Genesis 45:27
However, when they relayed all that Joseph had told them, and when he saw the wagons that Joseph had sent to carry him back, the spirit of their father Jacob was revived.
Joseph's WaggonsG. Venables, S. C. L.Genesis 45:27
Probability an Aid to FaithE. Paxton Hood.Genesis 45:27
The Joyful News Told to JacobT. H. Leale.Genesis 45:27
The King's WaggonsDr. Talmage.Genesis 45:27
The Grace of God to His PeopleR.A. Redford Genesis 45:16-28
The Believer Led to His RewardR.A. Redford Genesis 45:25-28

Jacob's incredulity conquered. His spirit revived. His resolution taken.


1. Separation from the old for the new life involves a struggle with self, with circumstances, with fellow-men.

2. The future must be laid hold of. We must believe that the better place is prepared for us, that the will of God is good.

II. WE GAIN THE VICTORY OVER NATURAL FEARS, DOUBTS, AND DIFFICULTIES WHEN WE SIMPLY LOOK AT THE FACTS AS GOD HAS SET THEM BEFORE US, BOTH IN HIS WORD AND IN HIS PROVIDENCE. The men were deceivers. The facts, the wagons, the good things, the blessings plainly sent of God, earnest of the future, would not deceive.


IV. THE REWARD WHICH IS PREPARED FOR THE TRUE OBEDIENCE IS MUCH GREATER THAN WE CAN ANTICIPATE. To see Joseph was the patriarch's anticipation. The purpose of God was much larger for him. Joseph and Jacob met in the abundance of Egypt. The earthly pilgrimage leads to the true Goshen. It is enough. We follow the voice of our God. It hath not entered into our heart to conceive what is before us. - R.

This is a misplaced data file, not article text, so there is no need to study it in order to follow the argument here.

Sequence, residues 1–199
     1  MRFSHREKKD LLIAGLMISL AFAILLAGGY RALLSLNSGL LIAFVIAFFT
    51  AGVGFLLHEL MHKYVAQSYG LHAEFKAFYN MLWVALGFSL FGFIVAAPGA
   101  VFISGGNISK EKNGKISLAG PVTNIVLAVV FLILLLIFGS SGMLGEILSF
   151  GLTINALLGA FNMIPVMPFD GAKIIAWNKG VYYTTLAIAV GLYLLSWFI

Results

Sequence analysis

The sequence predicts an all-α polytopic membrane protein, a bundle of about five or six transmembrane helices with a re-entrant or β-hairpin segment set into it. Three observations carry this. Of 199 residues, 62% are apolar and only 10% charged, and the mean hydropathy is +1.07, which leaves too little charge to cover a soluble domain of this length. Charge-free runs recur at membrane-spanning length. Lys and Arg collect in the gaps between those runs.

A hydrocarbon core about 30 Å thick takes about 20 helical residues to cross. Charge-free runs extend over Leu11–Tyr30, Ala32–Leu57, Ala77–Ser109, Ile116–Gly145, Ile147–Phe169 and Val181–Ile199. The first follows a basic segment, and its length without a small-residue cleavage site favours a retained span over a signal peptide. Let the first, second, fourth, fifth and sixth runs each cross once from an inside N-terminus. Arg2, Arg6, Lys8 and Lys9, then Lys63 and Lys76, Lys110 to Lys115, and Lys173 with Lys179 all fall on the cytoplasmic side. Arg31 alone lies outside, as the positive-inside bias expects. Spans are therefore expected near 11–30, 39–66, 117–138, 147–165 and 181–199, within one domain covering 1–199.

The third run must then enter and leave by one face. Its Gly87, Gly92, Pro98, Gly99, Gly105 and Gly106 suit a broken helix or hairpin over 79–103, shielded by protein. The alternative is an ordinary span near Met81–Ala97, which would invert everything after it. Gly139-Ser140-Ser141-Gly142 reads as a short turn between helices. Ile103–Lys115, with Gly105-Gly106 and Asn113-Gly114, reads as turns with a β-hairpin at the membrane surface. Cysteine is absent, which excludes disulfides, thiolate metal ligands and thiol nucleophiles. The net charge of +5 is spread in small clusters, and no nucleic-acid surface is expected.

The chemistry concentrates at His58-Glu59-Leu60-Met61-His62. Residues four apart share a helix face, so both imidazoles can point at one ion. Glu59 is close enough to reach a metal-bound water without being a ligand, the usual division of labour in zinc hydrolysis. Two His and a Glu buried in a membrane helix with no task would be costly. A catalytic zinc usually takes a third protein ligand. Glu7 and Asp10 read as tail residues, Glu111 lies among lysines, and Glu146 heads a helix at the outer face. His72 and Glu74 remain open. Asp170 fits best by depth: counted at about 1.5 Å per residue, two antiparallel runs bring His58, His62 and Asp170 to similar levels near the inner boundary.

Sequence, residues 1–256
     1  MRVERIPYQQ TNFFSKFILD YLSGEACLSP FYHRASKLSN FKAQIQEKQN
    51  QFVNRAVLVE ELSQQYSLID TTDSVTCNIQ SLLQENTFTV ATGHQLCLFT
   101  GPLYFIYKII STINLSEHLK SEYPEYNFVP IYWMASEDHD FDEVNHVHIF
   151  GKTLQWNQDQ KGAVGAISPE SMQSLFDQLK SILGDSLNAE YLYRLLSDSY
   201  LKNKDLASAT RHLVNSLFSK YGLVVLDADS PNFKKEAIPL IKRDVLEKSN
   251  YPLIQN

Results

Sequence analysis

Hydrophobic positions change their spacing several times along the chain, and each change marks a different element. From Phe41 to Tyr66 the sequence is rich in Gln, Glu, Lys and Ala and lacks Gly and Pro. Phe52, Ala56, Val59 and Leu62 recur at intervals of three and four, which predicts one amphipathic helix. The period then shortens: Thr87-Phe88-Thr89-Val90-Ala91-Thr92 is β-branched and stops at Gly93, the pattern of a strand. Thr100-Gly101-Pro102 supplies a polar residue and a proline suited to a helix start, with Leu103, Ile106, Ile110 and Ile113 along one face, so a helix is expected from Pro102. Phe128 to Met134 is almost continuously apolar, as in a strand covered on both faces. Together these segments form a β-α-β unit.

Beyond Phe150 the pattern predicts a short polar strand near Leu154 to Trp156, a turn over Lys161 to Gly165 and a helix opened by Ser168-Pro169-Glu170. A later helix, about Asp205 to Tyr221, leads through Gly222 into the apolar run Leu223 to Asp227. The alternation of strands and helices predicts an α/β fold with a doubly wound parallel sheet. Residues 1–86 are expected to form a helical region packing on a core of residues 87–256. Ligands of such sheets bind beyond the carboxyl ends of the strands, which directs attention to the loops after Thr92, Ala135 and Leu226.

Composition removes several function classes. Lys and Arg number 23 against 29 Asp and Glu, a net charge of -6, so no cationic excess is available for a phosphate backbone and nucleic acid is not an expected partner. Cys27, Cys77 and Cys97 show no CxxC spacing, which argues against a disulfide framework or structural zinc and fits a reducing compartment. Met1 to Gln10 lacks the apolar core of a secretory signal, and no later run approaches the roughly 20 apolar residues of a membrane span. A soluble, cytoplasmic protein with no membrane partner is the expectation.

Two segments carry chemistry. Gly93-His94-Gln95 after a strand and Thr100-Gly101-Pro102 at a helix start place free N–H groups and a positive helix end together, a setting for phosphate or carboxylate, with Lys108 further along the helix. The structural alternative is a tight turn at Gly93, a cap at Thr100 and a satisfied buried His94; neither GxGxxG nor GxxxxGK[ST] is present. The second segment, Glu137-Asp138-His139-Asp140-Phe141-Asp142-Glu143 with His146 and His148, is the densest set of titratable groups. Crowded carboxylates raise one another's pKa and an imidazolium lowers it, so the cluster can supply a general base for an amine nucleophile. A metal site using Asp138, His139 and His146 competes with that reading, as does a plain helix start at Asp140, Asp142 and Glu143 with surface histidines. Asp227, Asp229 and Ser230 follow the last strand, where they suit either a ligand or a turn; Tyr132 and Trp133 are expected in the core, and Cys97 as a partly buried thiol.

When he saw the waggons which Joseph had sent to carry him, the spirit of Jacob their father revived.
We see here how probabilities are the handmaids and the helpers of faith. Slight tokens become the aliment, the very food, on which action feeds, strengthens, nurtures itself, and goes forth to fulfil the work marked out by Providence for the life.

I. Jacob's heart fainted; but old men, dying persons, often feel that some unrealized object detains them here. Jacob was like watchers who have gone to the point and taken lodgings, to be the first to hail the ship; and as pennon after pennon flutters in sight they hail it, but it is not the expected vessel, and the heart faints, until at last the well-known signal waves in the wind. Sense sees it, and faith revives.

II. The lesson of the patriarch's history is that faith may not realize all it desires, but it may realize what confirms, revives, assures. "He saw the waggons": "Faith cometh by hearing"; it is a moral principle created in the mind, not so much by facts as probabilities. Faith is moved and swayed by antecedental considerations. So these waggons were, in all probability, an aid to faith, and his heart revived. Treasure up marks and tokens of another country; you will find they will not be wanting.

III. If you deal faithfully with the tremendous hints and probabilities sacred to your own nature, sacred to the Holy Word, sacred to the infinite manifestation of God in the flesh in the person of Jesus Christ, they will hold you fast in the power of awful convictions, and in the embrace of infinite consolations. The waggons assured Jacob that Joseph was yet alive, and there are innumerable conveyances of grace which assure us that Jesus is yet alive.

(E. Paxton Hood.)




1. His faith triumphs.

2. His dark destiny is about to be cleared up.

3. He anticipates his peaceful end.

(T. H. Leale.)